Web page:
Knowing how the failure rate changes over time we can schedule replacements and maintain a relatively lower overall failure rate.


Find or estimate the information concerning the changing rate of failure over time. Ignoring wear out or early failures by using MTBF only will cost you and your plant money.

Understanding and modeling the wear out patterns allows you to secure spares as needed. You can avoid costly downtime by doing replacements before the chance of failure is too high.

PS: I’m working on examples and update to the draft book on MTBF to include more maintenance reliability specifics.

About Fred Schenkelberg

I am an experienced reliability engineering and management consultant with my firm FMS Reliability. My passion is working with teams to create cost-effective reliability programs that solve problems, create durable and reliable products, increase customer satisfaction, and reduce warranty costs.

15 thoughts on “Maintenance and MTBF

  1. Hi Fred
    A very good article—more or less i agree.
    One question, in the article you have examined reliability data from the motor vendor
    Weibull distribution with β of 2 and η of 90,000 hours.
    If we do not want to use only MTBF/ MTTF values. Do you have experience in other “Weibull distribution “, not only on motors but also on contactors, relays etc. What about a powersupply with capacitors, they are also exposed to “wearout”
    What would be “the best guess”

    1. Hi Per,

      Thanks for the note. The Weibull distribution for the motors in the articles is just an example. Not real data. For any component if you have time to failure information fit the data to a Weibull and find your parameters. has a listing of beta and eta ranges for many different types of parts. Some have very large ranges, like motors, due to the many types of motors and use conditions.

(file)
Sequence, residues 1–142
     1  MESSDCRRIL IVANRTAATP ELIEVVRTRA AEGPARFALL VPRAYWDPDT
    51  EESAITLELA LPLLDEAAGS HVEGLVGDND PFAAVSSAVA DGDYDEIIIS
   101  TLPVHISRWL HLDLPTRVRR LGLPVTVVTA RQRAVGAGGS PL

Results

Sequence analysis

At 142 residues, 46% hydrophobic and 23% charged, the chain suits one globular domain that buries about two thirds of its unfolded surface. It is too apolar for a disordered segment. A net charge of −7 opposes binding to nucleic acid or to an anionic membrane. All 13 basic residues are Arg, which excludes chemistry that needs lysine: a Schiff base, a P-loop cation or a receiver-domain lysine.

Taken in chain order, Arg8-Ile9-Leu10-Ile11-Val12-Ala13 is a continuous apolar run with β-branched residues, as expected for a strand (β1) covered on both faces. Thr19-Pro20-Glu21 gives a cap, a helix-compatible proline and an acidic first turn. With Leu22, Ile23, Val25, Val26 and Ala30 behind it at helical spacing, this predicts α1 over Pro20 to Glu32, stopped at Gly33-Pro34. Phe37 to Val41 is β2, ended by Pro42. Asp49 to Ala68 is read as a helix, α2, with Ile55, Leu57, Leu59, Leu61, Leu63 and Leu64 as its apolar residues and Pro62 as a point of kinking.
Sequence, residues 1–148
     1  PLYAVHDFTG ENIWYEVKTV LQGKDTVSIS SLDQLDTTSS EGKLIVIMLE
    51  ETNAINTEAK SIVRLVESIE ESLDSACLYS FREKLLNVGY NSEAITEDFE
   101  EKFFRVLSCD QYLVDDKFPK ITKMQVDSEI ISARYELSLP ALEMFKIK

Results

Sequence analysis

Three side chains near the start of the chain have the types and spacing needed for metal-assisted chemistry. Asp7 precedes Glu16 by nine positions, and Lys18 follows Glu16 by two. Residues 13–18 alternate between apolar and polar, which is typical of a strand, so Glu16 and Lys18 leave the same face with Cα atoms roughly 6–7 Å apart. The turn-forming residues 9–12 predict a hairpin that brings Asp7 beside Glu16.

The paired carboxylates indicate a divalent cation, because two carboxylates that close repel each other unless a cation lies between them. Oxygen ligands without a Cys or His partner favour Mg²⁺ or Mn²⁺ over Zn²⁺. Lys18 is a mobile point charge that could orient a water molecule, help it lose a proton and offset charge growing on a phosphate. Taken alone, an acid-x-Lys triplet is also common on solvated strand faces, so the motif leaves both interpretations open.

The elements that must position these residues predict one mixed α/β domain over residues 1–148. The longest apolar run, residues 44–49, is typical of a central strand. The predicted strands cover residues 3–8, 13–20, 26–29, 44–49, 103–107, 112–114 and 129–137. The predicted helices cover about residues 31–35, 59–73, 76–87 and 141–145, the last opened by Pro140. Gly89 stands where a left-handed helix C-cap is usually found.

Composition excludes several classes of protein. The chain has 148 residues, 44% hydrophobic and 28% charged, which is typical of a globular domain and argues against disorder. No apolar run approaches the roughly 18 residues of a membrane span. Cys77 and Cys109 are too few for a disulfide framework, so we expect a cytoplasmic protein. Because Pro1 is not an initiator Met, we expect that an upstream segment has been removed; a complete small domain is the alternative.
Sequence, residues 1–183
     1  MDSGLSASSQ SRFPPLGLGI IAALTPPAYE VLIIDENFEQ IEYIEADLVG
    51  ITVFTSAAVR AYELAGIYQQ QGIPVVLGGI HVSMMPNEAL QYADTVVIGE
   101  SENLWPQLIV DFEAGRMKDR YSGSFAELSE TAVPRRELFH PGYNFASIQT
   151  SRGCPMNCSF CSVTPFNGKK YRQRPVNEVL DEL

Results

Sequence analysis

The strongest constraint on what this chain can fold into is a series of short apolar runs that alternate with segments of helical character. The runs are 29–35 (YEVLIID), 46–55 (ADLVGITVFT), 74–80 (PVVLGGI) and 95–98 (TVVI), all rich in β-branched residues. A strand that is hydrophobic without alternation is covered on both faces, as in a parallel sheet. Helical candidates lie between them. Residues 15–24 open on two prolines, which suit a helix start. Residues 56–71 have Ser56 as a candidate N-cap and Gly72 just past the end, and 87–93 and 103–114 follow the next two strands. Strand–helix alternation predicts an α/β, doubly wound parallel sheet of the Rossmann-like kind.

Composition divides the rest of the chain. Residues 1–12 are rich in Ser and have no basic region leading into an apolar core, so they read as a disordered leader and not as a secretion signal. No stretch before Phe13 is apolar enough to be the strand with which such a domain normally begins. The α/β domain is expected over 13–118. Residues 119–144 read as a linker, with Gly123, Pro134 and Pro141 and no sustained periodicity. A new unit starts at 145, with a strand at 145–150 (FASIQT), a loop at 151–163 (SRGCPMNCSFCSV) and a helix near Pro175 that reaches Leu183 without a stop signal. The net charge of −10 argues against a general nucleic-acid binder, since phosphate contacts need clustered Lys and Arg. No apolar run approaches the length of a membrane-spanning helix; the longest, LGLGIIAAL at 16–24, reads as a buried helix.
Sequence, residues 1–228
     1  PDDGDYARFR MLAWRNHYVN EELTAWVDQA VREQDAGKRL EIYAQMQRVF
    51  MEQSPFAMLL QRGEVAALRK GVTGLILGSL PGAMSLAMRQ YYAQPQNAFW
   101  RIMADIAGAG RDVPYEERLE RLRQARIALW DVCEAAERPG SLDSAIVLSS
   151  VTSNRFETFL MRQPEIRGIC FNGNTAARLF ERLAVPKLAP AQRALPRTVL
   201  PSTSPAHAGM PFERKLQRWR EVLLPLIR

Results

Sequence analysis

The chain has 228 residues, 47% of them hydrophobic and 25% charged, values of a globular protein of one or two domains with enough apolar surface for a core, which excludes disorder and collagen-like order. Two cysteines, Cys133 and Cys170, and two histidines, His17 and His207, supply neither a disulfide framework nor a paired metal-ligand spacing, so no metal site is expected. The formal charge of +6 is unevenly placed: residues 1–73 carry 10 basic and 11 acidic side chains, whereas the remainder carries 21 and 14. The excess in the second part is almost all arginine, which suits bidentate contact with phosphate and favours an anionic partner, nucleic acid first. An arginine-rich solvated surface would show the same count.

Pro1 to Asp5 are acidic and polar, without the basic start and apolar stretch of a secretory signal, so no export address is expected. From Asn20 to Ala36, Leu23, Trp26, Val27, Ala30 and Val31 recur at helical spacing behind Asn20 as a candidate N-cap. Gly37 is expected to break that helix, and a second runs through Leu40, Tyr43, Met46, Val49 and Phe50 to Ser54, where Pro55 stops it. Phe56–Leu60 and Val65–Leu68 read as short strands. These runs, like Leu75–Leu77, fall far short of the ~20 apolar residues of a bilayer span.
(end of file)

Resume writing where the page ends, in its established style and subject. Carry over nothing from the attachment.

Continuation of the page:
I typically fit data to a Weibull distribution as it is so versatile. Lot’s of experience with Weibull and with many parts and systems.



  2. Hi Fred,
    Just to avoid the confusion, you may like to change in your article “The reliability function for the Weibull distribution” as

    \displaystyle R(t)={{e}^{-{{\left( {t}/{\eta }\; \right)}^{beta}}}}

  3. Hi Fred,

    Again the assumptions on Beta and Eta.

    “I typically fit data to a Weibull distribution as it is so versatile. Lot’s of experience with Weibull and with many parts and systems.”

    You do need failures (and a good analyse of them) to get a Weibull distribution, even more, you need failures with the same root cause.
    If you have different root causes you have different Weibull distributions.

    For a maintenance phase you probably would expect the Beta and Eta values from the development tests (if they have record of that).

    1. Hi Tim,

      I learned that the first step when confronted with a stack of data is to plot it. A histogram, a probability plot, stem-and-leaf, what ever kind of plot and often do many plots. What I have found with time to failure data, of any form or structure or source, just plotting it helps you form good questions that lead you to a proper analysis.

      I highly recommend plotting the data – Weibull is informative as a starting point, which is why I recommend it.

      Sure, life is great if all the failures are due to one failure mechanism, sure there are still plenty of assumptions and issues. Yet, we do need to move forward with an analysis and I’ve found asking insightful questions about the data is a great start.

      Might have to do a blog post on using Weibull for different types of analysis, or case studies, etc. Want to join me and provide some examples of how you analyze field data?



  4. Hi Fred
    This question still haunts me.
    Why Weibull is applicable for only one failure mode. Is it an assumption of carrying out this analysis?
    What would happen to Weibull distribution if we consider different failure modes altogether.